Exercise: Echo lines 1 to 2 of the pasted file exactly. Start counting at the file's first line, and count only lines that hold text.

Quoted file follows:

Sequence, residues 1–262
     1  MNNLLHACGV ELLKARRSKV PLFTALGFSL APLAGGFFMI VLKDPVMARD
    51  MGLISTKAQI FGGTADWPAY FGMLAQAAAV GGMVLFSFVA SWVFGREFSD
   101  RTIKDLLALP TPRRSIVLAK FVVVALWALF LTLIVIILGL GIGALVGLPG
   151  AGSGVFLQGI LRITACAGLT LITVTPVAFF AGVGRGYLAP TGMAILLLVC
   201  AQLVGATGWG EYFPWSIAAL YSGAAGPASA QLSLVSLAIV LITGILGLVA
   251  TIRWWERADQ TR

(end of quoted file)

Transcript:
Sequence, residues 1–262
     1  MNNLLHACGV ELLKARRSKV PLFTALGFSL APLAGGFFMI VLKDPVMARD